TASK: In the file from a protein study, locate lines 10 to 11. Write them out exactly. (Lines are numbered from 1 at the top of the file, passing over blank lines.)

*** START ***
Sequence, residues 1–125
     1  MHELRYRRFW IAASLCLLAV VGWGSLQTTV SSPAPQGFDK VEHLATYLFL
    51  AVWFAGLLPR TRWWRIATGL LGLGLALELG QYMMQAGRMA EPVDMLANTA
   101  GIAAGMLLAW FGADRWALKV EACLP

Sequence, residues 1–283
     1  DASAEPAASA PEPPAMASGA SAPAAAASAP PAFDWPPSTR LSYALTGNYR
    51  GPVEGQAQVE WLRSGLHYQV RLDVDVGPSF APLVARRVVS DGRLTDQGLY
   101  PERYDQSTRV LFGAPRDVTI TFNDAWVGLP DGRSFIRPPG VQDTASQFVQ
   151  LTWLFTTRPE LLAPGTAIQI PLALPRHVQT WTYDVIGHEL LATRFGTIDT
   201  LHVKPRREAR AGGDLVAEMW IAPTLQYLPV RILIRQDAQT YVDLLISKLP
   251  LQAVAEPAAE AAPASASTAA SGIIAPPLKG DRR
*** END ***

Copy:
   201  LHVKPRREAR AGGDLVAEMW IAPTLQYLPV RILIRQDAQT YVDLLISKLP
   251  LQAVAEPAAE AAPASASTAA SGIIAPPLKG DRR